CARBON MOTORS – In The Past And The Future

Carbon Motors – In The Past And The Future

            Carbon Motors Corporation was a private automotive corporation founded in Los Angeles, California that designed and developed purpose-built police cars. It was established by Stacy Dean Stephens, and William Santana Li who is a former executive of Ford Motor Company. It was a security company that was established to design, develop, manufacture, distribute, service, and recycle the E7, its first purpose-built police car.


            Carbon Motors’ E7 (aka The Machine) is not just the conventional police car seen running on streets and chasing criminals. It is a police car designed primarily to perform police functions. It provides interagency solutions and will have a material and positive effect on every town, city, county, state, school campus, and every place where the public can be.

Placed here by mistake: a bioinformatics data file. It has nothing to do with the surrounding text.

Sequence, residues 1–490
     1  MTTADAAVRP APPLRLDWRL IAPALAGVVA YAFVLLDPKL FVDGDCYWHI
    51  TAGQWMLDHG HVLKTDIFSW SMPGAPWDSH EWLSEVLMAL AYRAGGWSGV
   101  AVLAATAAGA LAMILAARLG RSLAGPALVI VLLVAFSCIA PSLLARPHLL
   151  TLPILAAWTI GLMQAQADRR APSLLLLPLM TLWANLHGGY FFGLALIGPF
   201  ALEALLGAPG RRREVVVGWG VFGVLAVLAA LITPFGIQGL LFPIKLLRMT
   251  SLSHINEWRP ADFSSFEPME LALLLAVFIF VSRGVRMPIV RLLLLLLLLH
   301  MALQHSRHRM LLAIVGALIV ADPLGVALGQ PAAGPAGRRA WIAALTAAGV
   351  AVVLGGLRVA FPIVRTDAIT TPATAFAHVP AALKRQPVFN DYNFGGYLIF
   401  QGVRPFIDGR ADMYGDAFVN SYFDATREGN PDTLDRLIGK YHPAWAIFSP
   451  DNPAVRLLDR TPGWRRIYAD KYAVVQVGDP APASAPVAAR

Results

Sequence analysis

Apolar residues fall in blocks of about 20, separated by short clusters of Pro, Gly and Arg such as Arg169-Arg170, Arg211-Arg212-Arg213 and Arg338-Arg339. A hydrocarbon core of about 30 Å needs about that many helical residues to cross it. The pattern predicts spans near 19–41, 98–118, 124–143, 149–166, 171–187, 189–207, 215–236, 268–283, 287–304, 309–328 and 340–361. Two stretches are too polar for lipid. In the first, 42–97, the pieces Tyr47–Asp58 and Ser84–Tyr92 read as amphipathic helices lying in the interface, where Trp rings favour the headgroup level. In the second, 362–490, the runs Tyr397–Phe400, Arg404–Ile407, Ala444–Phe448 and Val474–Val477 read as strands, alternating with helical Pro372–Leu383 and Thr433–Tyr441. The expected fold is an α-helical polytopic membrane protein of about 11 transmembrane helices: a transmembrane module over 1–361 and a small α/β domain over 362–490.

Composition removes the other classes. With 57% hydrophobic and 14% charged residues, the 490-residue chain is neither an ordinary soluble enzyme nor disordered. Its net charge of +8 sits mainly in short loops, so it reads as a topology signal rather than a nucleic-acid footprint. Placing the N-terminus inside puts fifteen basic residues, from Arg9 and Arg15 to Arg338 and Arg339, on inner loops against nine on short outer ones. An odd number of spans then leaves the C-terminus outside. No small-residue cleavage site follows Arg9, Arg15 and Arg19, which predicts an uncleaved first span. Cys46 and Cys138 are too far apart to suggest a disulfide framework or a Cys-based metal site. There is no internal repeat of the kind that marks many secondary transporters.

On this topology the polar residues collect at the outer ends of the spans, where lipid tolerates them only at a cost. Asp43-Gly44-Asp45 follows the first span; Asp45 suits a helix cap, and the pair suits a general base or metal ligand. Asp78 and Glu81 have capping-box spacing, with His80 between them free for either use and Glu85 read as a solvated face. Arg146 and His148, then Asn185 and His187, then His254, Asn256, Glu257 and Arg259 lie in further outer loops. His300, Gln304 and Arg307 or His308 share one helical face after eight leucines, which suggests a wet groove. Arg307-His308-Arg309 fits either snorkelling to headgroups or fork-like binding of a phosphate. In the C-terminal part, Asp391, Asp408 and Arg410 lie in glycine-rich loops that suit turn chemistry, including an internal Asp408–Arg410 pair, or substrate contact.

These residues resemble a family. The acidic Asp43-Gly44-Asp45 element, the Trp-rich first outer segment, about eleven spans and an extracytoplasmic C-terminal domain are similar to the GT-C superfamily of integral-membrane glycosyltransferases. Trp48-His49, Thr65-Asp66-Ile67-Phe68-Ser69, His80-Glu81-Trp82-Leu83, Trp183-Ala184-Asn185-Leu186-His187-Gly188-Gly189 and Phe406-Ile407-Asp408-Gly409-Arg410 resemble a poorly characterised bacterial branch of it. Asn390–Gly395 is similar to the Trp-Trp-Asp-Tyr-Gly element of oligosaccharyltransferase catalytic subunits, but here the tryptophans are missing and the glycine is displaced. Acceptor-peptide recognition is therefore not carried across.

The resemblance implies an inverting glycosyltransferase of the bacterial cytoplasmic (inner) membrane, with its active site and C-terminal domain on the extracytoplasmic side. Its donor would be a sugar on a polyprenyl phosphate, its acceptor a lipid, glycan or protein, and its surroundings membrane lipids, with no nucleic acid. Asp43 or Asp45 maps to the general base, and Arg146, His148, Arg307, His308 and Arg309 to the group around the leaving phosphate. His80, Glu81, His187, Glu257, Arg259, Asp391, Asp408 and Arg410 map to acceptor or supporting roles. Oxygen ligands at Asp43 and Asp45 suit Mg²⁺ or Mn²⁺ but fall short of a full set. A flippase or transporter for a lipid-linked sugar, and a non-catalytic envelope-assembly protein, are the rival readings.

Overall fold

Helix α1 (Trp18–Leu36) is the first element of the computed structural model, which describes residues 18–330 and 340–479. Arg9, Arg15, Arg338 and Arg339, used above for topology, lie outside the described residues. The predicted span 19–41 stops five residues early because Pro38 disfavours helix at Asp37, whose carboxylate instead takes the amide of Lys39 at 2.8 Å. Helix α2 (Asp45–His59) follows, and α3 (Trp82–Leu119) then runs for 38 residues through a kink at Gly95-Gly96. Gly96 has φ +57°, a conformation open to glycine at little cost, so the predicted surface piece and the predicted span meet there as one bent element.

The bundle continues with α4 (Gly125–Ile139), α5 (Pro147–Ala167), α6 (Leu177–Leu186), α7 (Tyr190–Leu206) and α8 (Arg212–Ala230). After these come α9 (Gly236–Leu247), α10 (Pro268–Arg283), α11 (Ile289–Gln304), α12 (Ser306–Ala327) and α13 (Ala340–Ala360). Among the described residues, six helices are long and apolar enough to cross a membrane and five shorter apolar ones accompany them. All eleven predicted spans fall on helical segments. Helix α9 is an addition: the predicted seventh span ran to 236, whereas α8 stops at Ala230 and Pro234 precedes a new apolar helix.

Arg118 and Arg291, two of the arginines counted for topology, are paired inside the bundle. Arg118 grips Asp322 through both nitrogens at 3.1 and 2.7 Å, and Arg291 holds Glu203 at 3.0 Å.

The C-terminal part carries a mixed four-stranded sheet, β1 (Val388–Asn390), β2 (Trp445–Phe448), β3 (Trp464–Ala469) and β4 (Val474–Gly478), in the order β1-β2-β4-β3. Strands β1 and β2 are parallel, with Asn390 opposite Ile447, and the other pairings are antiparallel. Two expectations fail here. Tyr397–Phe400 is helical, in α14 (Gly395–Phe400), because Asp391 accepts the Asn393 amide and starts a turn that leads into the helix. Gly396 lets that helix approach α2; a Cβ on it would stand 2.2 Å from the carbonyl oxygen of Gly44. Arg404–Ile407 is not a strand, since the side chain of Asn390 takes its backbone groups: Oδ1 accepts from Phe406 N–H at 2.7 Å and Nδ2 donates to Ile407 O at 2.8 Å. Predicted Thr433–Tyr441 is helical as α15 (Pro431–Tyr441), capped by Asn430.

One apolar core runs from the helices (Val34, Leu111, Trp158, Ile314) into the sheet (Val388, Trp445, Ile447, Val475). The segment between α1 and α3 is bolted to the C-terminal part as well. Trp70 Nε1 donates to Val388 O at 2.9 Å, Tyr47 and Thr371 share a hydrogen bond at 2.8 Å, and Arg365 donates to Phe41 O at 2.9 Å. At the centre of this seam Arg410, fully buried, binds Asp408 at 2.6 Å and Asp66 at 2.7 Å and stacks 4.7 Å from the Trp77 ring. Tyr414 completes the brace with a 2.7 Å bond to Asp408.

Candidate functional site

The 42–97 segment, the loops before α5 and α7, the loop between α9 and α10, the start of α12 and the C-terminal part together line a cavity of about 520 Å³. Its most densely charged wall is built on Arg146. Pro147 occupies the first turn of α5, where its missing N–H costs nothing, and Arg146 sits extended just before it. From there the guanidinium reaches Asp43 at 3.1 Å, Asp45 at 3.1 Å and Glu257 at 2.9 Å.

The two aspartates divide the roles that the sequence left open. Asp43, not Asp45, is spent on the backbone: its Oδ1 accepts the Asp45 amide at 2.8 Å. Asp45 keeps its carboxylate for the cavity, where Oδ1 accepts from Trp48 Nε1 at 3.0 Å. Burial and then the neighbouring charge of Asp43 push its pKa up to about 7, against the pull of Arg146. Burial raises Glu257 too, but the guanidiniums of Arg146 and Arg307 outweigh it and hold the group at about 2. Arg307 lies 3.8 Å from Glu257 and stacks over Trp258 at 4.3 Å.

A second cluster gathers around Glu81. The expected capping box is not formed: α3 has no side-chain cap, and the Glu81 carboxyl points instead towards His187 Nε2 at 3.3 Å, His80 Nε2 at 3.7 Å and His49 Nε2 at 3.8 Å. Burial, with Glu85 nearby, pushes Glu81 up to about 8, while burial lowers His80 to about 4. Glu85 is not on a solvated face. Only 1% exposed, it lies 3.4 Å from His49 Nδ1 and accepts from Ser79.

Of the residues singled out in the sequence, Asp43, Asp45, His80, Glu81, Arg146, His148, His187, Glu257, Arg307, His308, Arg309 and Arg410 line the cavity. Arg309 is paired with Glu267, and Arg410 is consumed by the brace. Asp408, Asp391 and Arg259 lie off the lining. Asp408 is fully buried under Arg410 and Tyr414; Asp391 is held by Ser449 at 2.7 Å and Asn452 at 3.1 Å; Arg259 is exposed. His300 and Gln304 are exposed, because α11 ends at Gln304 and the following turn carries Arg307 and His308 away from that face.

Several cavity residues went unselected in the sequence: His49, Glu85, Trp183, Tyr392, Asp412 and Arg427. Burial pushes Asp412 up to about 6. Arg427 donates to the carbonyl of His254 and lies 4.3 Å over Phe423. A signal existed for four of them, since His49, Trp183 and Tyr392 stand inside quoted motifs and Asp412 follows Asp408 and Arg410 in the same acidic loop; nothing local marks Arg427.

To realize its design objectives, it is equipped with features such as infrared cameras, extensive speed detection hardware, 360-degree surveillance cameras as well as cutting-edge technology in license plate recognition and On-board Rapid Command Architecture (ORCA). It is built on a purpose-built chassis and is designed to a 250,000 mile durability specification and a top speed of 155 mph.

            It is no big gas guzzler, yet its performance remains topnotch, making it a fast, economical, and longer lasting police car than the conventional ones. Its seats are made to give ergonomic support to cops and accommodate utility belts full of police equipment such as handcuffs, bullets, and handguns, and it even has a weapons detector attached to it.


            Considering that there are more or less 450,000 conventional police vehicles in the United States, Carbon Motors aims to eliminate the possible problems that the police force may experience solely because of their vehicles. Usually, contracts for the purchase of new police vehicles start out as retail passenger cars that were ever intended for police use. After purchase of these conventional cars, law enforcement agencies spend money to customize these once passenger cars into their own police cars. The following are the problems usually met by officers on these vehicles: